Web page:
The New Indian Express (NIE) of June 24, 2009 talked about schools in Hyderabad charging a fee under every possible head, even under heads that don’t exist. What about “Rs.2,000 towards infrastructure fee and PRB fund?”. Can any reader tell this writer what is PRB?

The DC of June 25, 2009 said: “More than 25,000 students who (are supposed to have) joined various higher and professional courses under the scheme (of the Government paying their fees) did not attend their classes”. False teachers, fake students, false education. And no one is held responsible, for everyone in the ladder of hierarchy is involved. True private-public partnership!

And what about charging Rs 10,000 lab fees for a class I student (NIE, June 26, 2009)? Or the school giving a receipt for only a fraction of the amount charged (NIE, July 6, 2009).

As reported in DC of July 18, 2009, a parent said, “while we get books for Rs 150 in the open market, they (the school) are charging Rs 800”.

DC, NIE and The Hindu of July 30 report employees of the AP State Housing Corporation apparently swindling Rs 2.29 crore of Government funds; and the suspension of the Chairman of All India Council of Technical Education (AICTE), Prof Yadav, for alleged corruption, which means granting affiliation to underserving engineering colleges for a consideration. No surprise, therefore, that as of July 29, there are 69,568 B Tech degree holders amongst the 17,61,913 unemployed educated persons in AP alone which has 2.4 lakh seats in its 645 (mostly commercial) engineering colleges (DC, July 30, 2009).

NIE of July 30 also reports that Ch. Subramanyam, a gazetted instructor at the Extension Training Centre in Bapatla (Guntur District), swindled Rs l.3 crore from the treasury within a period of four months.

What this writer has narrated is everyday experience of citizens of our country. Corruption, corruption everywhere — from the Chief Minister to the lowly person — is common knowledge. Exceptions granted, there is no court of appeal. Many in power, like the AP Chief Minister, talk against it, but without first setting up their own house in order, which reminds this writer of a story that his grandmother told him 70 years ago.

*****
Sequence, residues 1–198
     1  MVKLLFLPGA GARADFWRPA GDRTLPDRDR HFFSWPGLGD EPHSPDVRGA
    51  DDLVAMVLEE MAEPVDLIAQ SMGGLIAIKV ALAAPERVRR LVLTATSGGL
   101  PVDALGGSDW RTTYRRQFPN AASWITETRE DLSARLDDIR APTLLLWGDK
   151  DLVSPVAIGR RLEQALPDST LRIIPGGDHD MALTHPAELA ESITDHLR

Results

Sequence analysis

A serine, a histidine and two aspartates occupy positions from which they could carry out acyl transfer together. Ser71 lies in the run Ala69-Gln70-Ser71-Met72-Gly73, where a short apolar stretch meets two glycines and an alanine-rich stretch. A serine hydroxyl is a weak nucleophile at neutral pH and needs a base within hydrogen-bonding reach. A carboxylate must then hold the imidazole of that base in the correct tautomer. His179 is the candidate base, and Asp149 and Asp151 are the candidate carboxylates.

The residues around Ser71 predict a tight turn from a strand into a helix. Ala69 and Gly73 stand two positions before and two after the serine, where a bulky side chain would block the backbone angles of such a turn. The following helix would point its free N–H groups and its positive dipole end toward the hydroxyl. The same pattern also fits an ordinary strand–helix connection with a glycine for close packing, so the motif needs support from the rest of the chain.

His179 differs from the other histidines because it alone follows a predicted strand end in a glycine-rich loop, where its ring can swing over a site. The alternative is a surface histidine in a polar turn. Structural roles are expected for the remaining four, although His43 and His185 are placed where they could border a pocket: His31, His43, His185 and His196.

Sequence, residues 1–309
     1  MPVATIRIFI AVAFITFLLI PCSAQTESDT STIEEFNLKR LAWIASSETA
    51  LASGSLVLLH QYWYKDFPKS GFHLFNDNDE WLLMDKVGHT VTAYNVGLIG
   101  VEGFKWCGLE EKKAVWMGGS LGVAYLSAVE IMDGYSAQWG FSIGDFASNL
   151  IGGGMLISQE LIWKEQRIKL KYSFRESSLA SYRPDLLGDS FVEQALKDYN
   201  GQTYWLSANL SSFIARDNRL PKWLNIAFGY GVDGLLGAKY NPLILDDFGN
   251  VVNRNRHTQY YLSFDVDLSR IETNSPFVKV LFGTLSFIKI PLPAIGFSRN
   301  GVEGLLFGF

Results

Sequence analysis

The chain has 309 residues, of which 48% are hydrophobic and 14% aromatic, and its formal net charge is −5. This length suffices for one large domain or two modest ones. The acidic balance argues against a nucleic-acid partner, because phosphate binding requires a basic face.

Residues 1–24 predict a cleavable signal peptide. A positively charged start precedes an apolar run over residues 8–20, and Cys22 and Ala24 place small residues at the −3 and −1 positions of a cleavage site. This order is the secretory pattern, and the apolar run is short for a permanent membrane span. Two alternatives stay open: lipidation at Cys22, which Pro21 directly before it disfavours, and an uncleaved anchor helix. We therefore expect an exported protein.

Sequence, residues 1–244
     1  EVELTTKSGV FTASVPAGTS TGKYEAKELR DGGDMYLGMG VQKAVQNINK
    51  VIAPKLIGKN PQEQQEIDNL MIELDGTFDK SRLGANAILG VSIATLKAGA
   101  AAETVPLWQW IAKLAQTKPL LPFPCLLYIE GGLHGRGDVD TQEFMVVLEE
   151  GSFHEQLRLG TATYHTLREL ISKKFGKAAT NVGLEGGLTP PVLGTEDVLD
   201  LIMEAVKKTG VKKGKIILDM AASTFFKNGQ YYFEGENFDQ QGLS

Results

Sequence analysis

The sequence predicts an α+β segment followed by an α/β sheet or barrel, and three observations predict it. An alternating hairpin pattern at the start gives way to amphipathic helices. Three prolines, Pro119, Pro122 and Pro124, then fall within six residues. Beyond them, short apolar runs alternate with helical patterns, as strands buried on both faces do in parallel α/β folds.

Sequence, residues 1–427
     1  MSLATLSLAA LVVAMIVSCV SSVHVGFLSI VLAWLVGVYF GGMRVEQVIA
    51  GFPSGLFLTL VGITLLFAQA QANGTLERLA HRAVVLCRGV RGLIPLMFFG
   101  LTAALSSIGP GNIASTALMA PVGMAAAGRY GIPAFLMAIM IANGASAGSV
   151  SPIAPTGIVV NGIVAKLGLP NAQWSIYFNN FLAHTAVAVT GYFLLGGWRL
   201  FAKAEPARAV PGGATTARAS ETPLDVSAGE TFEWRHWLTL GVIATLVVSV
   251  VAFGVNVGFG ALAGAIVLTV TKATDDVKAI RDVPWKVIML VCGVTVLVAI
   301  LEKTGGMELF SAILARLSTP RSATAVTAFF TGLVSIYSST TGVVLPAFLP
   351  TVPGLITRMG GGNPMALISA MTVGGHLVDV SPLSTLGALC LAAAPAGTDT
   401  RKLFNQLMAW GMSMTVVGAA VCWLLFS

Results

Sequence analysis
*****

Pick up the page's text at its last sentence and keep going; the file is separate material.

Once upon a time, there was a little boy in a village who would be eating jaggery all the time. His parents could not relieve him of this habit. One day, a holy man came to the village. The father took the son to him, and requested him to talk to the boy so that he would leave his bad habit. The holy man thought for a while and then asked the father to bring his son back to him two weeks later. The father complied. And lo, behold after the holy man talked to the boy, the boy left his bad habit. The perplexed father went back to the holy man a week later and asked him why didn’t he talk to the boy on their first visit. The holy man answered, “My son, when you first came to see me, I had the same bad habit. I had to get rid of it first, before I could talk to your son, and that took two weeks.”

Where are such holy men today who could be an example? We are fortunate that our Prime Minister is honest, but he doesn’t have much company, and we need a critical mass of honest and courageous people at the top to bring about a revolution of honesty and transparency. How to create that critical mass is the million-dollar question. It is fortunate that new parties like the Lok Satta of AP are at least trying to achieve the above objectives, but it is an uphill battle.

Till such efforts succeed, honest people like Binayak Sen will be in jail and dishonest and corrupt people like – well, whom do I name: AM, BM, CM, DM, EM, FM, GM, choose whichever you prefer –– will rule our cities, states and the country. As of today, corruption is the basis of public-private-partnership — be it in business or politics, education or health.

Our leaders should read a bit of history: for example, what happened in France in 1789. They must know that there are limits to tolerance, even of corruption.

Reference: Web of Corruption. P.M. Bhargava. The Tribune. 9th August 2009.